In a little over a year, Jane Levy has gone from anonymously mailing her picture and résumé to agents, to carrying her own sitcom — ABC’s Suburgatory — and starring in a gigantic remake of Sam Raimi’s The Evil Dead. One key to Levy’s rise: her incredibly gorgeous headshot.
“My manager wanted to work with me before he’d ever heard me open my mouth. He said I had a marketable face,” says Levy, with a shrug. Indeed, Levy has the doe-eyed, cute-but-glamorous, gorgeous-but-approachable, young-but-wise look that Hollywood eats up. But it was her ability to expertly pull off both withering deadpan asides and serious romantic drama that got her working so fast.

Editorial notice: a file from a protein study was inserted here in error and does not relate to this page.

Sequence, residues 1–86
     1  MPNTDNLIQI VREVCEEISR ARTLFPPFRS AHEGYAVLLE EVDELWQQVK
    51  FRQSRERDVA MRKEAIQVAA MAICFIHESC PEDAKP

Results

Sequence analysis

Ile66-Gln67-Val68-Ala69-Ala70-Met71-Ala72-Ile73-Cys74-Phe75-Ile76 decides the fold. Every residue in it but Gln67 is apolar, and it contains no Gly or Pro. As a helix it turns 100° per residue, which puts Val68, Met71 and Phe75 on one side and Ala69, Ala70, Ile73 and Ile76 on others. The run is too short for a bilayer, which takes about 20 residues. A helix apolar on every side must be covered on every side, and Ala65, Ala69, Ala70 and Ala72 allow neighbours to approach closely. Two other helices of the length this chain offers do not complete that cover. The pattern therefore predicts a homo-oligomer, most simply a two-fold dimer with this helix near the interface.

She wrapped up a role on Showtime’s Shameless, has a small part in Ry Russo-Young’s Nobody Walks and is the lead in Josh Schwartz’s Fun Size. With that comes lots of attention, which Levy claims her four-year-old self would have lapped up, but her 22-year-old self finds painful. “When ten people and a photographer are talking about you, and you don’t know what they want from you… I don’t know, it gives me all kinds of bad feelings. Who cares about my face?” Levy fights back in her own way, attempting to upend the obsessive vanity that distracts from actual performance. “I try to change my hair for each part,” she says. A few weeks before The Evil Dead starts filming, Levy is campaigning for a mousy brown, which Suburgatory heads were against. “They want me to keep it the same. But I’ll win.”